Edward W. Said's Culture and Imperialism is one of the most important and widely discussed books of the past year. Calling for an “adjustment in perspective and understanding” of the Western cultural archive, it points out new directions for cultural criticism in the 1990s.
Said previously provoked a major shift in academic thought when his earlier book, Orientalism, changed forever the way the West views the Orient. A prime theorist of decolonialism, he melds traditional humanism, Marxism and poststructuralism in an emerging project of reclaiming from Europe the territories - both geographic and intellectual - that have been appropriated by empire.
In Culture and Imperialism, Said focuses on three major metropolitan cultures British, French and American to show how even their current identities are the product of power. Though the formal age of empire is past, its memory, sustaining ideology and political practices persist. Thus, linking culture and empire offers an important “point of entry” into the interpretation not only of so-called Third World countries but also into the study of “the formation and meaning of Western cultural practices themselves.”
Cultural Imperialism's four parts include: his main premise that cultural forms are hybrid, that we inhabit a world of “overlapping territories and intertwined history”; his reading of Western canonical texts revealing a complicity in empire that even their authors' “humanism” cannot redeem; his exploration of the colonies and of native movements of resistence in literature and theory; and, finally, his sharp critique of American ascendancy leading to his vision of liberation and identification of potential sites of counter-discourses animated by what he calls the exilic energies of our time.
Said's major methodological innovation is his contrapuntal analysis, which lets him bring together geographically, temporally and culturally discrepant experiences that may otherwise have been closed to one another, perhaps even suppressive of one another. Thus, colonial writers are read beside Eliot and Yeats, Conrad is juxtaposed to Ngugi and Tayeb Salih, and Austen is reinterpreted as imperialist by default.
Making such connections may give a new global vision of human history, but can we really blame Austen or Dickens or Conrad for not doing anything to block imperialism? Must we say, with Said, that the women's and the working class movements are culpable for being less sensitive to the plight of the colonies than to their own conditions?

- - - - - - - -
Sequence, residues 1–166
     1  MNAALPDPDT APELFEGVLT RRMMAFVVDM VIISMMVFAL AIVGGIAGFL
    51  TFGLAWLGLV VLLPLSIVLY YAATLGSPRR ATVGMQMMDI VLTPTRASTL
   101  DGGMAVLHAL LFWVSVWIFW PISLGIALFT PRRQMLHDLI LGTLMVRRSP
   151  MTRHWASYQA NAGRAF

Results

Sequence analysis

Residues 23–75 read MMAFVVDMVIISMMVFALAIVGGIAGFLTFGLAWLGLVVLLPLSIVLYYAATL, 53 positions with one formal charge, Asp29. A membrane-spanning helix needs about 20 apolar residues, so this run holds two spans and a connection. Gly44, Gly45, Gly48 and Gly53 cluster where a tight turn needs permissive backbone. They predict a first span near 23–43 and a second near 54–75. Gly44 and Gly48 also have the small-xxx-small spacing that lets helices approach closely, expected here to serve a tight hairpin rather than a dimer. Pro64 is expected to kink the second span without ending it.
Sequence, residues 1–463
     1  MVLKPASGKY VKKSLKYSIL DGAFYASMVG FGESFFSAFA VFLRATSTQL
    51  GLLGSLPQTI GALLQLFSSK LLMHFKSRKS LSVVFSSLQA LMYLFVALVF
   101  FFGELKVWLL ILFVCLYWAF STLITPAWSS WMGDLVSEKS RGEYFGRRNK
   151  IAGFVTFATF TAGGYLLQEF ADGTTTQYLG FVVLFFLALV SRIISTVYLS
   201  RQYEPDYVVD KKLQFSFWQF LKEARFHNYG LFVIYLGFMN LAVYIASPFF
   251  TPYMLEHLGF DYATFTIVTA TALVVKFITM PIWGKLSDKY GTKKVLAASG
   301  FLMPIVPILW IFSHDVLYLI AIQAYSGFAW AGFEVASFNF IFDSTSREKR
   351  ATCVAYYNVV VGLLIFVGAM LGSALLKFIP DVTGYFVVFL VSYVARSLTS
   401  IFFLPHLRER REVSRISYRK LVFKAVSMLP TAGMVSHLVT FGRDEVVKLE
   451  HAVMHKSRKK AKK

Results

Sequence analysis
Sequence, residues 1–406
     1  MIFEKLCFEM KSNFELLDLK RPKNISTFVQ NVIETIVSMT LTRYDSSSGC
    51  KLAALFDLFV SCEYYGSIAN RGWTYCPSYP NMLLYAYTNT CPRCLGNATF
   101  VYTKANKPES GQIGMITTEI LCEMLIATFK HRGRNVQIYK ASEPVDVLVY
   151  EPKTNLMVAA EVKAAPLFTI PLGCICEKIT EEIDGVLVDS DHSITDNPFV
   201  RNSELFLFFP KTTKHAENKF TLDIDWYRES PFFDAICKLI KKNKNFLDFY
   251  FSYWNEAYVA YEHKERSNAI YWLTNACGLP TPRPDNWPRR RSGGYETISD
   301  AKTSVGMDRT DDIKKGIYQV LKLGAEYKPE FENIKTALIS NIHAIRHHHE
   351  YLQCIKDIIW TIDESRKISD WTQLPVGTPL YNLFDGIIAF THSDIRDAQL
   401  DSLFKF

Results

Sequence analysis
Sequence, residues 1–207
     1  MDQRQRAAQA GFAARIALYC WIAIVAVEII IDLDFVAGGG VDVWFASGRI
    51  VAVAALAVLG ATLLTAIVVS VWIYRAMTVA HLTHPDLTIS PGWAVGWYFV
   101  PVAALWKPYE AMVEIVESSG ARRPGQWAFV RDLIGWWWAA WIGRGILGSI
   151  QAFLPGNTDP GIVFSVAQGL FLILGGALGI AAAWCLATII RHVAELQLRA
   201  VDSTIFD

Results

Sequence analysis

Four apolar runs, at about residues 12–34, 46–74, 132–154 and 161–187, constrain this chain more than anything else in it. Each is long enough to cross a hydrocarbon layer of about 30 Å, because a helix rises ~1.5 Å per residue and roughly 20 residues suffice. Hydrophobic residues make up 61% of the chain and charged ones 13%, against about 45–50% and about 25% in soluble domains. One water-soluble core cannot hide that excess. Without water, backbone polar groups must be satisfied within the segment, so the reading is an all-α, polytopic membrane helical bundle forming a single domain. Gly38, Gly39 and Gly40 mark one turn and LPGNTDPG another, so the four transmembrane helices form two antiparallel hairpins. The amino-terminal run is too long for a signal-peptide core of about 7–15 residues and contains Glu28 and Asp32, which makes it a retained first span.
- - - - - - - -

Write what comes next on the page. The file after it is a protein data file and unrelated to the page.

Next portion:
Some readers may demand a corrective to Said's retrospective charges. But Said, himself, confuses matters when he disclaims “the rhetoric of blame” and advocates a cosmopolitan intellectuality, informed by anti-essentialist, anti-representational and anti-systematic attitudes.
He first rejects essentialism embodied in static theories of race and nationalism, advocating a new transnational identity that would be less constraining and coercive than local identities.
The intellectual's task, he then insists, is to challenge the politics of local loyalties and show “how all representations are constructed, for what purpose, by whom, and with what components.” Said's anti-representational stance is, however, paradoxical for his refusal to privilege one representation over another makes it hard to reconcile his critique of the West's representations of its non-Western others.
Finally, he is suspicious of the power of narratives to give or withhold attention; thus, he tries to give his book an anti-narrative, anti-linear, fragmentary and displaced form, reminiscent of Frantz Fanon's The Wretched of the Earth which he cites as his major influence. One can, however, sense in Said's predilection for close reading-as well as in the underlying temporal structure of his elegant argument whose four parts seem be symmetrically divided between the timeless, the past, the present and the future-the universalist, or perhaps even the modernist imagination at work.
Given Said's persistent references to modernist discourse, it is tempting to view his brand of idealism as an extension of the modernist privileging of art and culture. One consequence of his project would be to restore the responsibility of the artist or intellectual for shaping our reality. After all, he sees liberation as an intellectual mission and offers scathing criticism of academics for abandoning the issues of racism, poverty, ecology, and disease, albeit from a well-entrenched position within the academy.
Finally, one can question the absence in his contrapuntal reading of a gendered perspective and analysis. Most of his primary and secondary sources are male; he rarely mentions and never analyzes feminist texts that belong to the tradition of postcolonial resistance writing. It is a pity, for some of these texts might provide an interesting counterpoint to Said's celebration of nomadic mobility and migrant consciousness. Rather than challenging the system by choosing to live like nomads or exiles, these feminists see the possibility of subverting the discourse of essentialism by realigning their loyalties and allegiances to small communities.
Still, despite all of its internal contradictions and complexities, Culture and Imperialism remains an essential contribution to political, cultural and literary criticism that has been engaged in the process of decentring knowledge. It should be closely read by all interested in recent developments in cultural theory.
Eva C. Karpinski teaches in the School of English Studies, Seneca College.